The government funds research, so in effect the tax-payer pays for an author to write a paper. That paper goes through a peer review process, so other tax-payer-funded academics check the integrity of the work. This publicly-funded project then gets send to a company like Elsevier totally free of charge, who add it to a journal and then sell it BACK to the same publicly-funded institution at an outrageous cost. All of which explains why, according to Stephen Buryani, Elsevier are able to post profit margins of up to 42% : Higher than companies like Google, Apple or Amazon. Those profit margins get higher still for those journals where academics are actually charged to submit papers: So authors actually pay to have their works published. Buryani cites a German Bank report that "referred to [this] as a “bizarre” “triple-pay” system, in which “the state funds most research, pays the salaries of most of those checking the quality of research, and then buys most of the published product”".
Since this 'bizarre' system has become so dominant in the world of academic publishing (the control Elsevier has over academic publishing has been reported to "exceed or come close to 40% of total supply"), companies like Elsevier can hold both academics and academic libraries to ransom, leading to a significant impact on University library budgets. According to a Research Libraries UK report, "between 2001 and 2009, mean expenditure on books went up by 0.17%, which is a substantial real-terms cut, while mean expenditure on journals went up by 82%".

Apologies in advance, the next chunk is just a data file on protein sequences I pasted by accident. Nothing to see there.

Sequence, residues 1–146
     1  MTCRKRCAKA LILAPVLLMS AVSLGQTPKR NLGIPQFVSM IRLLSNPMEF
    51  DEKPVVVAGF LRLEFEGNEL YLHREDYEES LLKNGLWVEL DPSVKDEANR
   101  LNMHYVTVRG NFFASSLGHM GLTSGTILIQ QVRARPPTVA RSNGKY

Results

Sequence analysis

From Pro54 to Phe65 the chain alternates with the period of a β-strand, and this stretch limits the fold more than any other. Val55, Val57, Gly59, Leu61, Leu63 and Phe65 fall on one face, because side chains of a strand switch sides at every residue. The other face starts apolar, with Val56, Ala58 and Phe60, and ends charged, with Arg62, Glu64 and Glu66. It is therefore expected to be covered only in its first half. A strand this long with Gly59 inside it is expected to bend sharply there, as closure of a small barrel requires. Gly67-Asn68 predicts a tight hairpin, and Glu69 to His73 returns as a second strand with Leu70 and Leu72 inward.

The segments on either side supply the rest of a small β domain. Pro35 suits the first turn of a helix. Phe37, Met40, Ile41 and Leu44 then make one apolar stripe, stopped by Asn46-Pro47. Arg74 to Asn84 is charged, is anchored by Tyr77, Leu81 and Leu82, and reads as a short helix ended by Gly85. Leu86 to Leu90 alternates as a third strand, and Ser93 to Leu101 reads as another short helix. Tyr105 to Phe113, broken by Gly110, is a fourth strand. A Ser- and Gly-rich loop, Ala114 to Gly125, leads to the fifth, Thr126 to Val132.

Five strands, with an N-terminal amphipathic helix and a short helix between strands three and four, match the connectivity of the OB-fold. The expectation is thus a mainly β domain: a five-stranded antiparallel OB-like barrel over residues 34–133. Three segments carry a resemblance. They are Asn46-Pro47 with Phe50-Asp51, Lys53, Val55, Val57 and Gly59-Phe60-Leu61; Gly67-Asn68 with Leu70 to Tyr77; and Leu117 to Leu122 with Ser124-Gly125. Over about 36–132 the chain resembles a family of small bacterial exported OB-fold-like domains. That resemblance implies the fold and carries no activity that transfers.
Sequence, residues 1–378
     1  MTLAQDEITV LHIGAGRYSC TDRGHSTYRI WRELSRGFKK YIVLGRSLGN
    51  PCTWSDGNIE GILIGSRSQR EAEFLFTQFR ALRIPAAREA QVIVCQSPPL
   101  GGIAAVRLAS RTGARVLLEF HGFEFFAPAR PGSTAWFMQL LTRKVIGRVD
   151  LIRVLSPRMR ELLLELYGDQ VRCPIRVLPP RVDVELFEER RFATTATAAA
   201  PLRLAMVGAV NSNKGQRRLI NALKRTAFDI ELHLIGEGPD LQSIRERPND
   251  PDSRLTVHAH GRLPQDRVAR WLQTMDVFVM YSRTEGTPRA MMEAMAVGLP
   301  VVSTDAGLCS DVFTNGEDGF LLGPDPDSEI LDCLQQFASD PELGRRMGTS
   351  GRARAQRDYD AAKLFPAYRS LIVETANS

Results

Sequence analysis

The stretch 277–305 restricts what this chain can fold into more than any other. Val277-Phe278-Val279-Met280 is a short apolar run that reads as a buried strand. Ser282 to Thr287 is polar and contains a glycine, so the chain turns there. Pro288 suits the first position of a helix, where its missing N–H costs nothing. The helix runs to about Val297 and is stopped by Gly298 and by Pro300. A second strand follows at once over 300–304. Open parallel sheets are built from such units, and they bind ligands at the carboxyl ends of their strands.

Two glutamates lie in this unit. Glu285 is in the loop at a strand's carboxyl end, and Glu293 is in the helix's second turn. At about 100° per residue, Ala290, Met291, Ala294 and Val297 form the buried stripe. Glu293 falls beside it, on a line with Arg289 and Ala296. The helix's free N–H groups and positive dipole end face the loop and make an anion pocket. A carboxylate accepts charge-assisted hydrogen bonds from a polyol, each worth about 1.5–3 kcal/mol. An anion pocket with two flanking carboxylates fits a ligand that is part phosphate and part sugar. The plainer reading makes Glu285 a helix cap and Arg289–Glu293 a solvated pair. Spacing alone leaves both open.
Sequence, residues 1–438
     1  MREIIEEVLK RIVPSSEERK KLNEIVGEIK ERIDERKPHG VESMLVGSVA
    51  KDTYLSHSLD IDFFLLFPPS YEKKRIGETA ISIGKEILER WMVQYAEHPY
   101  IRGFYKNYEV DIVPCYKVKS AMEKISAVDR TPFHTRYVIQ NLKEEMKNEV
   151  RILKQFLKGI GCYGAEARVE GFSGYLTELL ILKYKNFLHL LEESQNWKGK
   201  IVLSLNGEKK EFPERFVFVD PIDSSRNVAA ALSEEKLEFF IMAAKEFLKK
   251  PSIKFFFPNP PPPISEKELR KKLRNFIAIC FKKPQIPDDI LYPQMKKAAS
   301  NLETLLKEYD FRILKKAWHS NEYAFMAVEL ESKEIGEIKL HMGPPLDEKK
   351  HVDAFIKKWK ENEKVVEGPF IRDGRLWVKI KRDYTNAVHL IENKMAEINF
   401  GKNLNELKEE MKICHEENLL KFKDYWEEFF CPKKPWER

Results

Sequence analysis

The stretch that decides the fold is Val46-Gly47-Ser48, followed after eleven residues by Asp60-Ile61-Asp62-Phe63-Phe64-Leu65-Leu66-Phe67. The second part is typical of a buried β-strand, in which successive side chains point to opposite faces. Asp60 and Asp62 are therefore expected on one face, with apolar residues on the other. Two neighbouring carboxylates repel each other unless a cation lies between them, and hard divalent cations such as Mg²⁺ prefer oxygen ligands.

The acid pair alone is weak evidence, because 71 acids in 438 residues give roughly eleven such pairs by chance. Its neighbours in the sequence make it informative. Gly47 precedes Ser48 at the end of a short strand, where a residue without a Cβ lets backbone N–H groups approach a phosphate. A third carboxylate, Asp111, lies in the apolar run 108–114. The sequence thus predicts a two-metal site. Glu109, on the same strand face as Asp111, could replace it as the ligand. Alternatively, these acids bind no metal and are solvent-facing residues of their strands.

2) Unethical practices
The good news here is that since 2008 Elsevier has (as a consequence of public pressure) ended its ties to the arms trade. The bad news is that, in spite of its massive profits the company is still regularly caught out acting like Del-Boy Trotter selling hair-dryers from the back of his Robin Reliant. In particular, this can be seen in the way Elsevier have responded to the increasing popularity of 'open access' (i.e. completely free and publicly available) academic publishing. This response often involves taking that completely free and publicly available content and selling it back to academics for a profit. There are other examples though - like the aggressive takeover of open access sources, followed by the removal of papers that compete with those they sell for profit.
Now, it could be argued that Elsevier is perfectly entitled to any legal course of action that is most likely to increase its profit-margins. It is, after all, a business, and there are plenty of eloquent voices ever-ready to challenge the company if it does ever stray too far from the law.
But in spite of this, and in spite of Elsevier's market dominance there are still some moments where we can exercise choice: We can choose to continue supporting the company and their practices, or we can choose not to.
Which brings me back to Zotero. Zotero and Mendeley are similar in so many ways - which means we have a choice. One is an open source, non-profit piece of software funded by donations, library services and charitable foundations. The other is owned by a company entirely funded by the exploitation of publicly funded academic research.
Which would you choose?
If you want to learn more about academic publishing issues, I would strongly recommend you read through some of the amazing work by Professor Martin Eve - who has made more sense of this for me than anyone.